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Christian girl with Down syndrome could face death penalty over burning of Islamic text in Pakistan

Pakistan Blasphemy_Magu.jpg

Aug. 20- People gathered outside the locked house of a Christian girl in suburbs of Islamabad, Pakistan. Pakistani authorities arrested a Christian girl and are investigating whether she violated the country's strict blasphemy laws. (AP/ B.K. Bangash 2012)

A Christian girl with Down syndrome could be punished by death in Pakistan after she was spotted holding burned pages of Islamic text in public, activists and police say.

The girl, identified by police as Rimsha, was arrested on blasphemy charges and is being detained in Islamabad ahead of a court appearance before the end of the month, AFP reports.

Defaming Islam, the Koran or the Prophet Muhammed is a capital offense in Pakistan.

Pakistan President Asif Ali Zardari has ordered his Interior Ministry to investigate the arrest, the Los Angeles Times reports

After the incident, religious tensions and rallies involving Muslim protesters forced Christians to temporarily flee Mehrabad, the Islamabad neighborhood where Rimsha resides, a senior official of All Pakistan Minorities Alliance told AFP.

A Pakistani police officer, Zabi Ullah, said Monday that the girl was arrested Thursday after hundreds of neighbors, angry over reports she had allegedly burned religious papers, gathered outside her house.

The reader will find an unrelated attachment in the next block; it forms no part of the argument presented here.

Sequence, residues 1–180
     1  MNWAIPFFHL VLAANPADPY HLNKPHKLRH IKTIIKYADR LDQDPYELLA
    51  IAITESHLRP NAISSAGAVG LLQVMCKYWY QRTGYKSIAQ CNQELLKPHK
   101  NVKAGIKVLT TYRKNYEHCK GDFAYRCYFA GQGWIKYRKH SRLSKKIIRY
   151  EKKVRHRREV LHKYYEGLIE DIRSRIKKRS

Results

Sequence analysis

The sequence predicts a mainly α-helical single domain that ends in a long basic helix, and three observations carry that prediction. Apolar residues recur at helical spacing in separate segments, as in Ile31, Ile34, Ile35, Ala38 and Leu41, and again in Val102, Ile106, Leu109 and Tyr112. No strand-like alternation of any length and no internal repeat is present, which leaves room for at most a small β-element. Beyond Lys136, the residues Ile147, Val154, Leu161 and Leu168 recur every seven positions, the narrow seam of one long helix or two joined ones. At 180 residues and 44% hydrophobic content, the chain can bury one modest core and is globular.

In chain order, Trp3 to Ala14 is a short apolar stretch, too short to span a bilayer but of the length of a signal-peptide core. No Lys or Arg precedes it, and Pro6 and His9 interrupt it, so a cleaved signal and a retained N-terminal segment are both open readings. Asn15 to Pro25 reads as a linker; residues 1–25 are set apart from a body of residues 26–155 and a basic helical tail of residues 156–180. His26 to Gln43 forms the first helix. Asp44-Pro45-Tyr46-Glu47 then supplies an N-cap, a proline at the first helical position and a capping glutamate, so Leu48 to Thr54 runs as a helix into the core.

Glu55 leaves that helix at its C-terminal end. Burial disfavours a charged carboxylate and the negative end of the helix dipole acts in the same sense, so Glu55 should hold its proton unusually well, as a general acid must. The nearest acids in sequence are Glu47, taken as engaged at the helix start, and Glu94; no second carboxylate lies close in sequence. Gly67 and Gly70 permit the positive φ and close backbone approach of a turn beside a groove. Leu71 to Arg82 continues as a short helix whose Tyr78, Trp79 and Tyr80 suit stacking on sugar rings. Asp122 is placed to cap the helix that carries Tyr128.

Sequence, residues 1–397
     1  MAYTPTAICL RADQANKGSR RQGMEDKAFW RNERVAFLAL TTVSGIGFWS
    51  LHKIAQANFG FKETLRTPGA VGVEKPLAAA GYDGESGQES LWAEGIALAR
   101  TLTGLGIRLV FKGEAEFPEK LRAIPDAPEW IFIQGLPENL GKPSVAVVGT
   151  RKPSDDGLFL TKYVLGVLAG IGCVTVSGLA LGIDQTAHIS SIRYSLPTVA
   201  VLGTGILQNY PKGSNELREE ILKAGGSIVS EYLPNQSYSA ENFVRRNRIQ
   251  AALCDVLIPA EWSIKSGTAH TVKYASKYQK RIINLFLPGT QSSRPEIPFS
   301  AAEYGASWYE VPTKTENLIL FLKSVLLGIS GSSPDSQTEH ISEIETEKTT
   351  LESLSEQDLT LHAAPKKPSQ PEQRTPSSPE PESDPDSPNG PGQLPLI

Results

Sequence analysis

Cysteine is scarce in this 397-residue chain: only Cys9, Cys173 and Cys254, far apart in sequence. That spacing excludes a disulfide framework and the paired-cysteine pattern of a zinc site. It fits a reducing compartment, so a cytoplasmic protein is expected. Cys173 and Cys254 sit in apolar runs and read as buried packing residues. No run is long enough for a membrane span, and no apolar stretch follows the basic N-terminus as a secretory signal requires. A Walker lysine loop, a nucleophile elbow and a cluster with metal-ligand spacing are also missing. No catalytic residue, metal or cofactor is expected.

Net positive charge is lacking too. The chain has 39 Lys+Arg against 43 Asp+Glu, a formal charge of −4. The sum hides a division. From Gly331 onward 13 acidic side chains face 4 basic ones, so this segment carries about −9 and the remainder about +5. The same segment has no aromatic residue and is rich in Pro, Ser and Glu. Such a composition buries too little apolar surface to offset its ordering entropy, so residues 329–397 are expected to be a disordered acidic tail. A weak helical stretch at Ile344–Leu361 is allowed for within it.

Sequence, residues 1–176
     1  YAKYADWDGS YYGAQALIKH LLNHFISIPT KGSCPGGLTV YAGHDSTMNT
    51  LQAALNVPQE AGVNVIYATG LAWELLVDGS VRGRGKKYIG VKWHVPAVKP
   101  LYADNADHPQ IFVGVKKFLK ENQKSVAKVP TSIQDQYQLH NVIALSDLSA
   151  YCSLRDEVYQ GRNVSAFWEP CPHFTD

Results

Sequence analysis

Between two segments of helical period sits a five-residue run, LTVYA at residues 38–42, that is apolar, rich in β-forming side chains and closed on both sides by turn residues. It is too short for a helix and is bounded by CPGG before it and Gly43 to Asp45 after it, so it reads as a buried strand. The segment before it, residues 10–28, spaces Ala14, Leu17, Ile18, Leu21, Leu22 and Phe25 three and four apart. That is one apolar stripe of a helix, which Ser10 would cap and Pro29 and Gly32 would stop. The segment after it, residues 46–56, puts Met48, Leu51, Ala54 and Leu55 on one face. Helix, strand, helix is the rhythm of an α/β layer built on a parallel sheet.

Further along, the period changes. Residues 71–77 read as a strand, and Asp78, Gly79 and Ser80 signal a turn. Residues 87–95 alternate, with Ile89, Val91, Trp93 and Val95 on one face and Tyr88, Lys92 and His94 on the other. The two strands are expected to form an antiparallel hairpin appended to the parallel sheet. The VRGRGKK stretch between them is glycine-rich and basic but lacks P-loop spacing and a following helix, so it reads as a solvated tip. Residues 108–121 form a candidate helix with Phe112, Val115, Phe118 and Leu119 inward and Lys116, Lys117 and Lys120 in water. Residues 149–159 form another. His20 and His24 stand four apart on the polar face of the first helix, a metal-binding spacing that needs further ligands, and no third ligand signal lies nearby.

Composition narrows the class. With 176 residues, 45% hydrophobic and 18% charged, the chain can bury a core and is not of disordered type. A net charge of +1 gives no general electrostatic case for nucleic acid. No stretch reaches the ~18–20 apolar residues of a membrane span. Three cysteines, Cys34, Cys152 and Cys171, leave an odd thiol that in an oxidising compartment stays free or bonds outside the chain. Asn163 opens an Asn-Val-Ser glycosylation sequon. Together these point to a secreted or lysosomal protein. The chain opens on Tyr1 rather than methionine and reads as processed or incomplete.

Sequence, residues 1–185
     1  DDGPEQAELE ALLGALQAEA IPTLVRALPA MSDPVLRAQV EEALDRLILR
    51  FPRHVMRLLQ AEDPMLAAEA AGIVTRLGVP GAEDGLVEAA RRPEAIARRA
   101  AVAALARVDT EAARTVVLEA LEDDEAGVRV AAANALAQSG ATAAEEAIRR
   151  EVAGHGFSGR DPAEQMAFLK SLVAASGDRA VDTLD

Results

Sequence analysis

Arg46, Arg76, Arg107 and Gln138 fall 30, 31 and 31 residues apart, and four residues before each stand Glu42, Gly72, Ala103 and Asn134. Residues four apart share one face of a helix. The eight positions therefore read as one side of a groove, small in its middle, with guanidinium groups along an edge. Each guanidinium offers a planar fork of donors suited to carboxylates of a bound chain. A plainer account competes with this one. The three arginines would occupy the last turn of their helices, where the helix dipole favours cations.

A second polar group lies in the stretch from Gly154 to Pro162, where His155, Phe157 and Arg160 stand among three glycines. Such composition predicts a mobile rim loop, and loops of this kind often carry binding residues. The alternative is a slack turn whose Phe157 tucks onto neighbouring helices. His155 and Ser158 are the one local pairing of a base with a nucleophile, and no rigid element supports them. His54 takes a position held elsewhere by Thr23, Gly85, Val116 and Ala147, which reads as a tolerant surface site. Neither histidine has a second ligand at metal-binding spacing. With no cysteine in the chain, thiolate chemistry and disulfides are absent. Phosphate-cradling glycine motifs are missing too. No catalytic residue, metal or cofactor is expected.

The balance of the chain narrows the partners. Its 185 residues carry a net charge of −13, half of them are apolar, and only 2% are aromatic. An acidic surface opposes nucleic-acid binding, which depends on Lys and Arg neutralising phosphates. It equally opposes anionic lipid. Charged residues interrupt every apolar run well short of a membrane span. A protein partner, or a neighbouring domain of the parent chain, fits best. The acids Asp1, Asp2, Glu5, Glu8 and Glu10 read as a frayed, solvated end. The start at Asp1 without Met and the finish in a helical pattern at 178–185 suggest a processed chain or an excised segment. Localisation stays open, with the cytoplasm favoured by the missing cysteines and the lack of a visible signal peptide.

"About 500-600 people had gathered outside her house in Islamabad, and they were very emotional, angry, and they might have harmed her if we had not quickly reacted," he said.

The Women’s Action Forum, a Pakistan rights group, blasted the arrest and accused police of not letting lawyers meet Rimsha in custody.

"WAF is outraged at the total inhumanity of the men who lodged the First Information Report in the police," a spokeswoman for the group told AFP.

But some police officials doubt reports that Rimsha burned parts of the Koran.

Qasim Niazi said when the girl was brought to the police station she had a shopping bag that contained various religious and Arabic-language papers that had been partly burned, but no Koran.

Another police officer said the matter would likely be dropped once the investigation is completed and the atmosphere is defused, saying there was "nothing much to the case." He did not want to be identified due to the sensitivity of the case.

There also are varying reports on Rimsha's age and whether she is mentally handicapped. Zabi Ullah, a Pakistan police officer, said she is 16, while other officials have said she is either 12 or 11. Niazi said that when the girl was brought to the police station she was scared and unable to speak normally, but he did not know whether she is mentally handicapped.

The Associated Press contributed to this report.